The Philippine government and WHO Friday refused to rule out the possibility that five men may have contracted a non-lethal strain of the Ebola virus from infected pigs.
Four pig farm workers and a butcher in the northern Philippines tested positive for antibodies for Ebola-Reston, indicating that they may have been infected with the virus in the past, Health Secretary Francisco Duque said.
Pigs in the same area of the country were struck by the virus over the past year.
If a link is proved between the outbreak in the animals and the men, it would be the first time humans have contracted the disease from pigs, although there was no firm evidence of that so far, officials said.
A World Health Organization-led UN team said all the men - who are aged between 22 and 52 - are well and no longer carry the virus after being able to expel it from their systems.
Julie Hall, a member of the UN investigating team, told a news conference that it was a "low-risk situation and an important situation for animal and human health."
However, she said she agreed with an earlier statement by Duque that a swine-to-human transmission of the virus "cannot be dismissed".
"There are still a lot of unanswered questions about this particular virus," Hall said.
"These are humans who are young, fit and healthy," she said, adding there was no telling what the virus could have done "if other individuals who do not have robust immune systems were to be infected."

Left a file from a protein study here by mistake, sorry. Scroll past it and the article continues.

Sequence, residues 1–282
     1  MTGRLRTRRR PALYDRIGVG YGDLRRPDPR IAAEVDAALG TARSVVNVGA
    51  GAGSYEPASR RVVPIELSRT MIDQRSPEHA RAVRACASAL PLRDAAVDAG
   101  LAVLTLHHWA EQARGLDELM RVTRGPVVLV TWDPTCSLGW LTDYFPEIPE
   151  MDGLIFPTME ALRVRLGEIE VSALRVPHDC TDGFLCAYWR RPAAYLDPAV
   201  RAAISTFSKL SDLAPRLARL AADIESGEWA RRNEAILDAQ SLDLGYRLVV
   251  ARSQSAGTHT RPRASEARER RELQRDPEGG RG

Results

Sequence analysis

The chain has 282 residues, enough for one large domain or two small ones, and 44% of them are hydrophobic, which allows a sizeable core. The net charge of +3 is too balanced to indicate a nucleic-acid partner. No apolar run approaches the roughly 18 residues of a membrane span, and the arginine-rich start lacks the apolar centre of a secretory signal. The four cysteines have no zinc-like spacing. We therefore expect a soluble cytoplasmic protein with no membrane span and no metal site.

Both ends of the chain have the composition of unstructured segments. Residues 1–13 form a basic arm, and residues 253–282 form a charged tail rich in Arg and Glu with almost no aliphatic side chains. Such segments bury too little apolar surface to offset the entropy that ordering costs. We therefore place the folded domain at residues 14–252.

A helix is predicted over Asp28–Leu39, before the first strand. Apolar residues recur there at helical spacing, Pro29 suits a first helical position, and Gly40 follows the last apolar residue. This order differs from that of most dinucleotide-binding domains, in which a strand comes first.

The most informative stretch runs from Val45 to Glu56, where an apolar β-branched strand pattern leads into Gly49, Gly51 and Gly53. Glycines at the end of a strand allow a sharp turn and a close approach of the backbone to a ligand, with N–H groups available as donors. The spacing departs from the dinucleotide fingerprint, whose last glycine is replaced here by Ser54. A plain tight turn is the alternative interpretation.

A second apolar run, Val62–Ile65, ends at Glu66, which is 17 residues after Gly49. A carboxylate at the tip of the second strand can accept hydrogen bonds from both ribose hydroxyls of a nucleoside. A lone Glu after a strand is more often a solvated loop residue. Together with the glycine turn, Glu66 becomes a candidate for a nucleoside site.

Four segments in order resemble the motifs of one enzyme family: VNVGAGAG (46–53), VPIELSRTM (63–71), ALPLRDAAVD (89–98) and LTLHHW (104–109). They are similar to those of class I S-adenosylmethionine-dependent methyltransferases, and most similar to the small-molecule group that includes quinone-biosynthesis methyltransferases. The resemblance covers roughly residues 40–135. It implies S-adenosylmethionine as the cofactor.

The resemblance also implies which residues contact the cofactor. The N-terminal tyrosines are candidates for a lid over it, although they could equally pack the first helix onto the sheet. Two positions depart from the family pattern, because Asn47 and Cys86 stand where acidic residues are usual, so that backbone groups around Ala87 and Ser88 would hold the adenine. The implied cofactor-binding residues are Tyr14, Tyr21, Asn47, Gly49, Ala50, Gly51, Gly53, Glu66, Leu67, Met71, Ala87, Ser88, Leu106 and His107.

The UN sent a team of medical specialists to the Philippines last month after four pigs tested positive for a strain of Ebola that was first found in monkeys exported by the Philippines to a US laboratory in Reston, Virginia.
The other known Ebola strains are deadly to humans.
Two farms in Bulacan and Pangasinan provinces were quarantined and the health department and the UN team gathered blood samples from 77 people who may have been exposed to the virus.
Duque said three of the five men were from the quarantined farms, but all the men are "healthy and have not been seriously ill in the previous 12 months".
The workers are not the first human cases of the Ebola-Reston virus.
Twenty-five people who came into contact with the infected laboratory monkeys in 1989 tested positive for the virus. Only one showed signs of sickness, suffering from flu-like symptoms, but quickly recovered.